Even if the readers are interested in interacting with the brand, it might happen that they simply don’t know what to do next. They also might have forgotten about you, although they were already engaged and enjoyed it.

Check how Google Local Guides reminds about the service to a user who haven’t posted in a while:

A reminder email for a person who didn’t post any reviews for some time. There’s a picture of a sad puppy in it.

The email reminds the social benefit one gets from engagement: he shows himself as an experienced traveler or visitor and shares his experience with those who don’t know what he knows yet. It ends with a great CTA: “Contribute now”.

Abandoned cart emails are great examples of how copywriters can use CTA. Your client wants the products, but they simply forgot to finish their purchase. Help them a bit: encourage them to act. 

Here are some examples of CTAs for abandoned cart:

  • Seal the deal
  • Get my 25% off
  • Reclaim my cart!
  • Finish checking out
  • Complete your order

Don’t make the text look like spam

The main reason your email may look like spam and may be marked as one is that it is addressed to the wrong audience. Spammers buy email lists and send irrelevant newsletters to anyone they can reach, so if your email is not relevant for the receiver – it looks like spam. But if you keep the subscriber persona and their benefits in mind, that will not happen.

Misleading subject lines also make the emails look like spam. The importance of writing a catchy subject line may make copywriters want to make it look a bit over-the-top, showing some uncertain prospects and not 100% relevant to the email itself. Make sure that your subject line matches the content of the email. 

Good news: spam trigger words are no longer relevant. There used to be a long list of stop-words one needed to avoid in the newsletter not to be detected as spam, such as “Free”, “Problem”, or “Success”.

But that does not mean that the inbox service providers (ISPs) don’t detect spam anymore – they simply became more sophisticated and use other methods now. They check IP addresses, domains, email authentication, and subscriber engagement. Anyways, the best way to avoid spam filters still is writing useful emails and sending them to the right segment of the audience. 

Make sure it is relevant

Why does email marketing convert? Because it lets you segment your audience and send relevant content. For example, if you operate worldwide, you can send your readers from different countries emails in their native language. If you have an event in one exact city, you can invite readers who live there. You can congratulate women with Women’s day and men with Men’s day. 

You can make your segmentation even more specific and linked to your product line. If you get to know your audience better, you will know their occupation, whether they have hobbies or are interested in exact products. You can ask your readers about their preferences directly in your newsletter.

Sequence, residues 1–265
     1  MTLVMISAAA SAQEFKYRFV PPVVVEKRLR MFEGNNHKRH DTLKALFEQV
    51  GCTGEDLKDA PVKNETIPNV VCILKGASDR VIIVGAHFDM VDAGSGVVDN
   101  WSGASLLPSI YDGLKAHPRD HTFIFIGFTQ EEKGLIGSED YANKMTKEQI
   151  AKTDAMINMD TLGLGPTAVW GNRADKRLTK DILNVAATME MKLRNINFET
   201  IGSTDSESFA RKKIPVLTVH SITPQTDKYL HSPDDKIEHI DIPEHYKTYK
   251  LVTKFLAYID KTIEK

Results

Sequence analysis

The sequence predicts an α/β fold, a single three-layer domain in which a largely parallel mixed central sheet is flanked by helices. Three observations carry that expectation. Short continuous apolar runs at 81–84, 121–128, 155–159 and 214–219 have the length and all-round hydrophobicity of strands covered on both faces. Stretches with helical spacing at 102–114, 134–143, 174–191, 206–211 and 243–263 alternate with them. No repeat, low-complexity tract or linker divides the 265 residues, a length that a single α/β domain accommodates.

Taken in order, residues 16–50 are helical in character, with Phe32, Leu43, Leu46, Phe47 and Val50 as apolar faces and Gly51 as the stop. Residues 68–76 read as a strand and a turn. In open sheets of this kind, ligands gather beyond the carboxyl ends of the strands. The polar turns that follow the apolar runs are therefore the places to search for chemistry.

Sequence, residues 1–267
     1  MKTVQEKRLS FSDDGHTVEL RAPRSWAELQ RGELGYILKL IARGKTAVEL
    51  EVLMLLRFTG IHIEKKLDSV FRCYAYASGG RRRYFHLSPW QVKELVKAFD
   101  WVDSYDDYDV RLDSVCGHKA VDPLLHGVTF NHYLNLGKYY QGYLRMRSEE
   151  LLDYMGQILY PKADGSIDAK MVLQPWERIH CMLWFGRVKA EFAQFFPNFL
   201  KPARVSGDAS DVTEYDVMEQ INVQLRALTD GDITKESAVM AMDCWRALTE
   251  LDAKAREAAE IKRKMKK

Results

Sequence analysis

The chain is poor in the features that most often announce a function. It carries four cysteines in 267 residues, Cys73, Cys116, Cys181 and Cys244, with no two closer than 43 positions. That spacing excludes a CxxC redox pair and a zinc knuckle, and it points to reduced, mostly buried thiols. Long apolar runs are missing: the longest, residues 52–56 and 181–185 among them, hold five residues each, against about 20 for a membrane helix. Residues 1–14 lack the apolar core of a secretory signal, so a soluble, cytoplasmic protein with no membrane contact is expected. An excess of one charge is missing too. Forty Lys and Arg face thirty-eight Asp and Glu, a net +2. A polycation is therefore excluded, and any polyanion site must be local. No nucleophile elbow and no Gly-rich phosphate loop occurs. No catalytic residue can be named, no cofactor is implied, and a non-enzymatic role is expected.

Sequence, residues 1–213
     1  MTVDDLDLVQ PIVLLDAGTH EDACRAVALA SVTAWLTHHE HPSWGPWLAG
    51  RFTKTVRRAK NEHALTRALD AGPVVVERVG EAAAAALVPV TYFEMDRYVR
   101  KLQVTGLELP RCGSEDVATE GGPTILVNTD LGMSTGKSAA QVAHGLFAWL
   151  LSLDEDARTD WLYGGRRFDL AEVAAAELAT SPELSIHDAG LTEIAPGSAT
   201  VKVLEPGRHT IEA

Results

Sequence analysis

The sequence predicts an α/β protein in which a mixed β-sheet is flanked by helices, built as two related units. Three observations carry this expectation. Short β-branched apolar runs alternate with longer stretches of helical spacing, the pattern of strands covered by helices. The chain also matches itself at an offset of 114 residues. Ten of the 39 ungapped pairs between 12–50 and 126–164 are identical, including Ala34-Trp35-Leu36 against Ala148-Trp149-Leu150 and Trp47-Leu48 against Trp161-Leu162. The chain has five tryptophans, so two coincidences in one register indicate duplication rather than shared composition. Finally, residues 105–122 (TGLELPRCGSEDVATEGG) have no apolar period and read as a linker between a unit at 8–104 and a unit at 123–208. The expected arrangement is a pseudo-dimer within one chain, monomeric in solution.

Relevance is also important in terms of timeline. Your reader should be already familiar with the terms and events you write about. If by some chance he is not, you should provide  extra information they may browse if they need to. For example, if you have a complicated weather app with lots of parameters, you should not send the first email with a comparison of GFS and ICON weather models. It would be more relevant to start with a series of meteorology lessons with the basics. 

Picture the email chain your client receives as a road with milestones. They should be put successively one after another to make their journey safe and predictable. Avoid any inadequate signs on this road. Show clear prospects of your further collaboration.

Test different variations

A/B testing rules. It lets you find out what really works for your customers. No guessing – you can test different subject lines, text size and formatting, calls-to-action and “From” names and see what works better for your audience. Tests help you make decisions based on facts.

It only takes a few minutes to start testing: you simply make a copy of your email, change the element you wish to test and choose the audience for testing. 

You can test using emojis to see whether your audience likes it or any segment of your audience does. You can test different text sizes and formatting. Anytime you’re not sure whether something works or not – go test it.

Personalize

People love reading about themselves.The beauty of email marketing is the fact that you can get to know your audience and segment it. You can divide readers by location, gender, age, interests. And you can call your readers by their names. Personalization improves readers’ experience and makes them feel happier.

a personalized newsletter from Salomon encourages the reader to tell about his preferences to receive more relevant content

Describe emotional experience when relevant

You can appeal to your reader’s experience to make an emotional link to your product. People don’t buy just a bath foam – they buy the feeling of deep relaxation, peace of mind and chance to stop thinking while feeling gorgeous. Describing emotional experience from time to time can create and strengthen emotional link between the reader and your brand.

Newsletter describing enjoying your time at the salon when you get your hair washed
Source: Really Good Emails

Entertain your reader

Humor and games can help with growing engagement via entertaining your audience.

Entertaining content will work if it is related to your reader’s interests and experience. Check this game a publishing house offers to its audience. Since the subscribers are people who like reading, they may enjoy it.

A newsletter with a game where one should guess a novel by a line of emojis describing the storyline
Source: Really Good Emails